I have a question about metonymy and metaphors in English proverbs below:

An apple a day, keeps doctors away.

Meaning: Fruit is an important part of a healthy diet

Beggars can't be choosers.

Meaning: If someone gives you something you asked for, you should not complain about what you get.

Can we say that apple and beggars are metaphors? They might be metonymy however especially the word "beggar" has a stronger imageability and a different context than "a person who asks for something". The word "apple" can be directly generalized as fruit and the first proverb can be considered literal. So this may support apple being a metonymy.

Any comments or explanations in this issue are appreciated.

  • No, you can't. Metaphors are not words; they are frame mappings of one context onto another. See Lakoff and Johnson, for instance.
    – jlawler
    Jun 23 '15 at 16:16
  • Maybe I should have emphasized that I am trying to find out the linguistic metaphors not conceptual ones.
    – miette
    Jun 24 '15 at 1:24

This depends on how you think about metaphor and metonymy. In the rhetorical tradition, you'd have to be very specific about how you label each trope. E.g. distinguishing metonymy from synechdoche. But I don't generally find this approach helpful.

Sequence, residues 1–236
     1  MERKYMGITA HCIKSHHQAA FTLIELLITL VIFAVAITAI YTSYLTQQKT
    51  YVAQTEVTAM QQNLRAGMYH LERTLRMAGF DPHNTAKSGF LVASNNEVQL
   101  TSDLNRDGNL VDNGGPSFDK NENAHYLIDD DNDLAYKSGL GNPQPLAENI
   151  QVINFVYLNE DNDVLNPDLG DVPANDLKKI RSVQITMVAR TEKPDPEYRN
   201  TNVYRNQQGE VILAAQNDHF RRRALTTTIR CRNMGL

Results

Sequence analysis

If you're interested in the conceptual underpinnings of proverbs, you're better off with the conceptual metaphor theory which thinks of both metaphor and metonymy as two broad structuring principles of human cognition. Subsuming analogy, parable, simile, etc. under metaphor and synechdoche under metonymy.

The key distinction between metaphor and metonymy from the conceptual metaphor theory perspective is that between similarity and contiguity (or relatedness). I wrote a more detailed comparison on MetaphorHacker.net.

With this in mind, you can easily see that in the first proverb, the apple stands for fruit (member of a category standing for category) which stands for health (cause for outcome) in a chain of metonymies. Doctor stands for illness (profession for area of expertise). So you can see that the conceptual domain is primarily structured metonymically. However, you also need the relationship of similarity to understand the whole proverb as 'if you eat fruit you will not get ill' by projecting the configuration into a real world situation.

The second proverb, on the other hand, does not depend on metonymy for its conceptual structure. It asks you to project the situation of somebody who is asking without being able to offer anything in return onto your own situation. Therefore, you always need to find something in a given situation that makes one person the beggar and another person the giver and something the gift. So for instance, if you really need a job and somebody offers your a job you don't like but you can't avoid taking it, you might say that this proverb applies here. This is very typical of how metaphors work.

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